The Millionaire Matchmaker delivers
February 25, 2008 3:01:58 PM

WACKADOO: Stanger mother-hens the millionaires before returning to the office to flatter and flay her assistants.

Patti Stanger, a “third-generation matchmaker,” describes her work as a service to God. “No matter how you cut it, I’m getting credits in Heaven,” she intones during one of her solo narrative confessionals. These are woven throughout The Millionaire Matchmaker (Bravo, Tuesdays at 11 pm) in a manner that keeps reminding you Stanger is kind of a wackadoo. That, by the way, is one of her terms for the drama queens some of the men she tries to fix up like the most. Idiots! Stanger makes sure they understand this by the end of each episode — she’s the matchmaker, she’s the one who can “read auras,” and she knows best when it comes to turning strangers into monogamous life partners. Even if she isn’t operating with the help of a higher power, watching her run and conduct her business is almost as creepily entertaining as scrolling through the Casual Encounters section on Craig’s List on a Monday morning.

Everything about Stanger is a contradiction, from the way she criticizes her gauche millionaires for wanting “perfect 10s” when they themselves are, uh, not to the merciless way she judges the wait-listed women — too plain! — who are screened for her service. As the founder and CEO of the Millionaire’s Club, Stanger gets paid the big bucks to hook a few wealthy men up with hot women (golddiggers need not apply) and then showcase their awkward dates for everyone to see. A sparkly silver heart hovering above her cleavage, Patti huffs her way from mansion to mansion, mother-henning the millionaires and then returning to flatter and flay her assistants back at the office. I’ve long been a rabid connoisseur of relationship reality TV, from the antiquated elimiDATE to the adorable #1 Single to the catastrophic Who Wants To Marry My Dad? Rest assured that The Millionaire Matchmaker upholds its status as steaming, gold-standard disaster.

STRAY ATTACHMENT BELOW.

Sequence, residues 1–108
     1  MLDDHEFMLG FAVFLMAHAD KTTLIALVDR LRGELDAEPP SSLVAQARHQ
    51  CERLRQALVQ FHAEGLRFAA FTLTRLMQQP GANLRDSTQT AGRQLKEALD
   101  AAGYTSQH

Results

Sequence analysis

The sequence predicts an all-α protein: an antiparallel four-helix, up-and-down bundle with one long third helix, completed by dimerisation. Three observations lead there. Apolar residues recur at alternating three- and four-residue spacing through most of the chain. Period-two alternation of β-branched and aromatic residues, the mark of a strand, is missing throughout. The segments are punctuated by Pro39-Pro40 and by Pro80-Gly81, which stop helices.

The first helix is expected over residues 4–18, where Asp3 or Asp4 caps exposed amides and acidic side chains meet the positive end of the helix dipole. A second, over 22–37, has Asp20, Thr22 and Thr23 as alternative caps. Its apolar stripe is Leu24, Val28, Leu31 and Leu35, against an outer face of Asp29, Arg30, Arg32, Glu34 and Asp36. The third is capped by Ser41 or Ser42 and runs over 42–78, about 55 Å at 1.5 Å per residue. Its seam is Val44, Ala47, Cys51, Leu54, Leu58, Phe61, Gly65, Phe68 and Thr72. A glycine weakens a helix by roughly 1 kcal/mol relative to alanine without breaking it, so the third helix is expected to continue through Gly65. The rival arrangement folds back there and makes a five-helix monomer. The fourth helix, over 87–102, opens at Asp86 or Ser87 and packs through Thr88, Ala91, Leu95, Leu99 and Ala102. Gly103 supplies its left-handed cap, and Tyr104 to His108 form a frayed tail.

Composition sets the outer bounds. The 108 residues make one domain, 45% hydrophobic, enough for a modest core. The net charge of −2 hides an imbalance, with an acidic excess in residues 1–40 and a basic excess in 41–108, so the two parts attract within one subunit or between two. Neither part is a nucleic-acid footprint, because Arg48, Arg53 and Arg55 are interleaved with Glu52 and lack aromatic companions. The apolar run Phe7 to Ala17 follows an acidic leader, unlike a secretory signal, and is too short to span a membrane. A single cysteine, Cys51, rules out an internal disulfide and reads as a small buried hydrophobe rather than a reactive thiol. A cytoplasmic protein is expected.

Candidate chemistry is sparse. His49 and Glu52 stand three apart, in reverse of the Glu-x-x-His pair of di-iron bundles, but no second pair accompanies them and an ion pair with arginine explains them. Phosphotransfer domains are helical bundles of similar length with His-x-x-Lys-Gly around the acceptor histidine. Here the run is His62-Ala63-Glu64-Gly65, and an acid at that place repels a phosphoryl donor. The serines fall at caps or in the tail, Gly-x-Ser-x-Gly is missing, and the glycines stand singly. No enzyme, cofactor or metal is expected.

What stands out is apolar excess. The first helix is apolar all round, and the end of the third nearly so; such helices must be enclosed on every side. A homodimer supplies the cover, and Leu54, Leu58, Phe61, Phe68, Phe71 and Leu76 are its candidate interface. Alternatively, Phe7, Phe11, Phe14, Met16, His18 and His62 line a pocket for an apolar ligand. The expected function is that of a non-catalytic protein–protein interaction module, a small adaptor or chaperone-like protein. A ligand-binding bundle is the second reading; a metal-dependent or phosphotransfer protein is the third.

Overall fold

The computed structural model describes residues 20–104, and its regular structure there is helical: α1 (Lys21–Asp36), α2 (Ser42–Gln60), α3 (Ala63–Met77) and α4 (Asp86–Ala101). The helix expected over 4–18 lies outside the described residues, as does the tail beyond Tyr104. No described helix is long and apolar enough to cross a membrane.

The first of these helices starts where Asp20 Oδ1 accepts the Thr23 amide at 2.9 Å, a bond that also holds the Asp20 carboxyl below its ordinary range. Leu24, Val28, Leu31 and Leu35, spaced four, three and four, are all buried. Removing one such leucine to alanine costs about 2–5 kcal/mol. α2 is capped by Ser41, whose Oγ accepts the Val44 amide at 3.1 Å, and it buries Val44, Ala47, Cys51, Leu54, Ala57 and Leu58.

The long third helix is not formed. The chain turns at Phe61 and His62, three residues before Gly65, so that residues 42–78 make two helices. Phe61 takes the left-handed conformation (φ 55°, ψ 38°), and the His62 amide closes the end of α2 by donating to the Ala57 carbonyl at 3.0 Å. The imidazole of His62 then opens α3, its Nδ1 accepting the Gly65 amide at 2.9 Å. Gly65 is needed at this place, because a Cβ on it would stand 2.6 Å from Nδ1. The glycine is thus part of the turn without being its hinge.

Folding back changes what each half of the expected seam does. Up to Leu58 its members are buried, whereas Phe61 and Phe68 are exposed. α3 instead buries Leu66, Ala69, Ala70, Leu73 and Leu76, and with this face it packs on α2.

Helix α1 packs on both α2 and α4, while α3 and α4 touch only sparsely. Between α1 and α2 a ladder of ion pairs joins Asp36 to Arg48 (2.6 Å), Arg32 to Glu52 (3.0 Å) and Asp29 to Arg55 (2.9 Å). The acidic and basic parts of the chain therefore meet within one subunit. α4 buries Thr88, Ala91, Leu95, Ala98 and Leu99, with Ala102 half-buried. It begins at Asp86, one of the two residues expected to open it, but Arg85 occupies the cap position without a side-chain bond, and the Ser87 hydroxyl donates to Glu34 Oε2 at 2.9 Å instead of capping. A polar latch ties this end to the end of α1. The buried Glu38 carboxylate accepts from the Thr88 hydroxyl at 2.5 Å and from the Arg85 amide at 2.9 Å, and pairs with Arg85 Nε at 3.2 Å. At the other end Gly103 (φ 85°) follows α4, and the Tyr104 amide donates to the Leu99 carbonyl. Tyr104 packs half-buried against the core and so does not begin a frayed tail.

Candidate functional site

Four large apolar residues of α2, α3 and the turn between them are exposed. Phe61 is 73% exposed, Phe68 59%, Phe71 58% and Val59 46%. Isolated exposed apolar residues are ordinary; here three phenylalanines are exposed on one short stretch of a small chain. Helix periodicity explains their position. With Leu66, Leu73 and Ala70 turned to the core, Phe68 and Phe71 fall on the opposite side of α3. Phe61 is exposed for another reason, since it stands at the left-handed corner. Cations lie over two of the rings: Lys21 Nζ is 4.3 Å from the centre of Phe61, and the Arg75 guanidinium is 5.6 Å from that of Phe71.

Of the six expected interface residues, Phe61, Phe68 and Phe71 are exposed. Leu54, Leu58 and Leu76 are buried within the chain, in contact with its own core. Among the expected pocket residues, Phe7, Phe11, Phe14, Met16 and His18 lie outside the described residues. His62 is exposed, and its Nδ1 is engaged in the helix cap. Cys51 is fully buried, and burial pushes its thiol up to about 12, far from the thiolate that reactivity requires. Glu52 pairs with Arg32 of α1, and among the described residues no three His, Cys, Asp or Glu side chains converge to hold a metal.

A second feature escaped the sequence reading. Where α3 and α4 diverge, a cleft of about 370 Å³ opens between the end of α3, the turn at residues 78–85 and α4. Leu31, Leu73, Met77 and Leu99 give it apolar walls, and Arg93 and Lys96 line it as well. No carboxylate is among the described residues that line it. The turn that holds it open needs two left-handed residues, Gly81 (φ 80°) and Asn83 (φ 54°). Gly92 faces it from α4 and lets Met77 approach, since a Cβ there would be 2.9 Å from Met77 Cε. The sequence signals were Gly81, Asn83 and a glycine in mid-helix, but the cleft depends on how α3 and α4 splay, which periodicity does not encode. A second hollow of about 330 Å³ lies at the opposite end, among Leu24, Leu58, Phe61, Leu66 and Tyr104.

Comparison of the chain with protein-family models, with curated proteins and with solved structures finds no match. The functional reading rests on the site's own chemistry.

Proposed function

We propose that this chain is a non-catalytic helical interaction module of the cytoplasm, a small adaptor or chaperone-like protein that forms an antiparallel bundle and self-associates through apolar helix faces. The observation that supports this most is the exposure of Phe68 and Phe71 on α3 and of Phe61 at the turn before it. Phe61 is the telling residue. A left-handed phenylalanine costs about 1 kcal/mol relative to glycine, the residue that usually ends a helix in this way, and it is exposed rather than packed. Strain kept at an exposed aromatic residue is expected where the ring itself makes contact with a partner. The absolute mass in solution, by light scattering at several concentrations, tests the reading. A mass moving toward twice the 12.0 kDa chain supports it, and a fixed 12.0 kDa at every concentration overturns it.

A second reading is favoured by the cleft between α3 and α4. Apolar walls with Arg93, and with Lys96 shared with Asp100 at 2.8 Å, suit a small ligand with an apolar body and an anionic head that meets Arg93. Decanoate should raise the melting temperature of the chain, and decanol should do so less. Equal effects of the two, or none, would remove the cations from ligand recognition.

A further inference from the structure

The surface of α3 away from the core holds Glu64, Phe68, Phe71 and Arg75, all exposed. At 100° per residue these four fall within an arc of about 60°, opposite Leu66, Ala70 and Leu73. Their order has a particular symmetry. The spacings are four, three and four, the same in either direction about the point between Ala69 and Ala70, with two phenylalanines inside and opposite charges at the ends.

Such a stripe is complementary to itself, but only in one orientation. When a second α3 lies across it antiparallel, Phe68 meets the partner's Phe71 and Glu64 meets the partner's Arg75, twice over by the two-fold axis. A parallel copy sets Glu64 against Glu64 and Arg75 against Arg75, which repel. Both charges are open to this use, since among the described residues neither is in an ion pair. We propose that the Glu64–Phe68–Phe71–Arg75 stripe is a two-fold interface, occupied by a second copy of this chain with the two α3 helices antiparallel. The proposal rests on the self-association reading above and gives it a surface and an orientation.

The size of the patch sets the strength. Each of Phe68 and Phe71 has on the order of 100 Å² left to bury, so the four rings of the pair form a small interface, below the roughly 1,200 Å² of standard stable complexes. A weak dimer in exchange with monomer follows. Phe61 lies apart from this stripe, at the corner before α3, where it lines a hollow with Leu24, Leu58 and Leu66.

“It’s a psychic feeling,” “You have an energy of readiness,” and “You’re 46 and single and I’m not!” are among the many gems Stanger has delivered four episodes into The Millionaire Matchmaker. With the help of her on-camera staff, she guides clueless extroverts through the wilderness of her own high-class meat market and makes it clear that it’s her life’s mission to whip them into shape. If the men are socially inept, she’ll tell them why and order them to change. If they dress badly, she’ll get them a stylist. She’ll castrate them — with words — until they comply.

Sometimes, of course, she’s right. Take Tai and German, two wealthy roommates who ask Stanger to set them up with girls they can date together. They spend so much time clinging to each other that Stanger is prompted to separate them like small children. Then there’s insecure Xander — he asks Stanger to fix him up with an amazingly gorgeous woman. Unable to come up with a casual conversation topic, he tells the woman she’s beautiful. About 17 times in a row. Robbed of a second date as well as his dignity, he’s rallied by Stanger for another round — she assures him that the right girl is hidden somewhere among the thousands of professionally photographed women listed on her Web site.

Still, as much as Stanger fancies herself a fierce and fabulous entrepreneurial phenom, she reminds me more of Mrs. Bennet — Pride and Prejudice’s uncouth, gossipy Momager — than anyone else. Stanger has made a career of scheming and manipulating on other people’s behalf, and as any Jane Austin devotee will tell you, that betrays only her own unhappy heart.


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